College Students Bring 'Pillow Talk' out into the Public Square

Article excerpt

They pose naked for student glossies and pen "how to" and "to avoid" advice on amorous engagement. Across the country, college students' choice of extracurricular activity is revealing a growing clinical frankness on matters that would have made their grandparents - and parents - blush.

Harvard University was sent reeling this month when two students announced their newest inspiration: H Bomb, a publication that would be replete with poetry, fiction - and photos of naked coeds. In the past several years, similar magazines, sex columns, even campus- wide events have become the latest trend.

The week before Valentine's Day, Yale students put on Sex Week, which featured panels with a pornographic movie star, among others. Columbia University's student newspaper just launched a weekly sex and dating column. Class lists nationwide increasingly feature the study of pornography and "sex-positive theory," and back at Vassar College, students are preparing the sixth edition of Squirm, the campus magazine of erotica.

To some students, not to mention parents, all this is inappropriate, even offensive, in the halls of American academe. But to those involved in the movement, mostly women, it's a valid form of campus entertainment. It's also about soul-searching and challenging perceptions of sex in an increasingly sex-saturated society.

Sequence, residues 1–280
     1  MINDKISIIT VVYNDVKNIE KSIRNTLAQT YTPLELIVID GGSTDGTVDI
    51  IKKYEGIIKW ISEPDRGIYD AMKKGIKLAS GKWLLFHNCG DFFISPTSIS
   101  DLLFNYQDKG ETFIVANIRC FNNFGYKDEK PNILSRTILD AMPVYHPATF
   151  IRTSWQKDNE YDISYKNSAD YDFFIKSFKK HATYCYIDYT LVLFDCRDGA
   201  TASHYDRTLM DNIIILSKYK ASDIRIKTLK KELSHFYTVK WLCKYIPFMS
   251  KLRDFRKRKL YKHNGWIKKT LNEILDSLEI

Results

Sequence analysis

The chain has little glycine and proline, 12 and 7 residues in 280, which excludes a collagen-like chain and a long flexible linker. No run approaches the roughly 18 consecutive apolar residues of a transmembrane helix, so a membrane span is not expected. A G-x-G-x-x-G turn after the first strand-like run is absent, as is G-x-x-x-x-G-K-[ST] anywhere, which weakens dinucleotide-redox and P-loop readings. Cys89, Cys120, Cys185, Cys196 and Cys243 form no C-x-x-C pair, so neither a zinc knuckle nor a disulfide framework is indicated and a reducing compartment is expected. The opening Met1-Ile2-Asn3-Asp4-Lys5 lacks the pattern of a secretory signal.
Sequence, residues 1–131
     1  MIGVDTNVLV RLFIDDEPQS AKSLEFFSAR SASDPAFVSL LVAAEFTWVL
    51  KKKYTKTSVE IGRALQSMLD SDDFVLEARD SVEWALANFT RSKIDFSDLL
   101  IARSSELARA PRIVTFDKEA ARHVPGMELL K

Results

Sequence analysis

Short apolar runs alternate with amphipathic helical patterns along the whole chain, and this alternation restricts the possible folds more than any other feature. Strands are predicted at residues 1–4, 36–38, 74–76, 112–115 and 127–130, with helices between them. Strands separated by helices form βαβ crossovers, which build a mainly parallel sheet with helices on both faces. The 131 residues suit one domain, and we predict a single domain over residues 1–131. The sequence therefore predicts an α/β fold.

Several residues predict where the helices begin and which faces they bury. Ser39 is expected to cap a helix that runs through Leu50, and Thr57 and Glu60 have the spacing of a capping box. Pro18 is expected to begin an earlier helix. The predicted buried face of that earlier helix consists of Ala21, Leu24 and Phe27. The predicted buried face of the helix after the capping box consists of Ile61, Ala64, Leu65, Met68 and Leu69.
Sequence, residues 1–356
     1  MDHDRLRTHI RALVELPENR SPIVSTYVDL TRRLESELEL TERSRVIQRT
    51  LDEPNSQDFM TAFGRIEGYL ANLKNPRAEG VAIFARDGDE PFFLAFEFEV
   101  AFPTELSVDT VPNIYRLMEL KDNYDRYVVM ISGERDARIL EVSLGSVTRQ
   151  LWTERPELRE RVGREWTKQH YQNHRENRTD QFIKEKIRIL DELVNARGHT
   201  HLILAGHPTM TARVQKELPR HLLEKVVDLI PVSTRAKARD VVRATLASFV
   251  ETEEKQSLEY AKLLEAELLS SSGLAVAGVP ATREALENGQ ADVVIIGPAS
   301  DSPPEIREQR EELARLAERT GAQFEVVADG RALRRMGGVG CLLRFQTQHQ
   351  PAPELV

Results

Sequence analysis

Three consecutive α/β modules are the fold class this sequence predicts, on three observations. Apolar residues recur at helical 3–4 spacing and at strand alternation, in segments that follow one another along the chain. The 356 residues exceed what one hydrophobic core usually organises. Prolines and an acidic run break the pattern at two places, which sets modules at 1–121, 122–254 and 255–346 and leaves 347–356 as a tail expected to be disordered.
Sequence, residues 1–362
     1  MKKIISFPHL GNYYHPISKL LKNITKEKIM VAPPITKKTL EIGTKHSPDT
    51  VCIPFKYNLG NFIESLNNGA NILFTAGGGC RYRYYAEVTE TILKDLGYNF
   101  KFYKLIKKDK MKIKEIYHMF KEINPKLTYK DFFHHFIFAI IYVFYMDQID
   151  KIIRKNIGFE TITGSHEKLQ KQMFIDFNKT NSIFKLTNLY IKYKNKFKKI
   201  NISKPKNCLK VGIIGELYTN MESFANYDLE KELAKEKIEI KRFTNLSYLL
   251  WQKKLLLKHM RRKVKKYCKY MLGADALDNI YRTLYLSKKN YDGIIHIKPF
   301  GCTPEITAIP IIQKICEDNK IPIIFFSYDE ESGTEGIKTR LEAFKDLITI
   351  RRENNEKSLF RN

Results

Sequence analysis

Of course, interest in sex is not new on campus. The sexual revolution of the '60s was more radical. Colleges today, many say, only reflect society's tolerance of using sex to sell everything from music to shampoo.

And many students are feeling it's their right to express their sexuality however they see fit.

"It's a push back against the political correctness of the 1990s," says Robin Sawyer, a human sexuality professor at the University of Maryland."There is a lot of envelope pushing going on on college campuses."

Harvard students Katharina Baldegg and Camilla Hrdy (pronounced "Hurdy") wrote in their H Bomb mission statement: "What we are proposing is an outlet for literary and artistic expression that is both desired and needed...." The university initially accepted the idea, with reservations. But after the media likened the endeavor to pornography, Harvard's Committee on College Life backpedaled, reflecting the ambivalence universities feel about crossing the line between free speech and becoming platforms for sex.

But students seem undaunted. Indeed, while "Sex and the City" ended its six-year run Sunday, character Carrie Bradshaw seems to have inspired a cadre of young sex columnists.

This winter, Columbia University junior Jessica DiCamillo entered a contest to become the student newspaper's new sex columnist. "Sex is always a conversation starter, an icebreaker." Ms. DiCamillo says.

Yet some worry there is already enough sex in society. "There is a strong addictive quality associated with sex," says Bruce Cook, the founder and CEO of Choosing the Best, an abstinence-only program for teens. …

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